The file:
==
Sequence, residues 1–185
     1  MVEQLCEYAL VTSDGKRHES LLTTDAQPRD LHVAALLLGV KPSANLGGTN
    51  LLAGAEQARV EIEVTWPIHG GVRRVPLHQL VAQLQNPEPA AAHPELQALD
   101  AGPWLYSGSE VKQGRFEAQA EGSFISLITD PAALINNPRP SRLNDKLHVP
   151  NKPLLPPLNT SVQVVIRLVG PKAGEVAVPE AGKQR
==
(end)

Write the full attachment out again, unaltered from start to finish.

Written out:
Sequence, residues 1–185
     1  MVEQLCEYAL VTSDGKRHES LLTTDAQPRD LHVAALLLGV KPSANLGGTN
    51  LLAGAEQARV EIEVTWPIHG GVRRVPLHQL VAQLQNPEPA AAHPELQALD
   101  AGPWLYSGSE VKQGRFEAQA EGSFISLITD PAALINNPRP SRLNDKLHVP
   151  NKPLLPPLNT SVQVVIRLVG PKAGEVAVPE AGKQR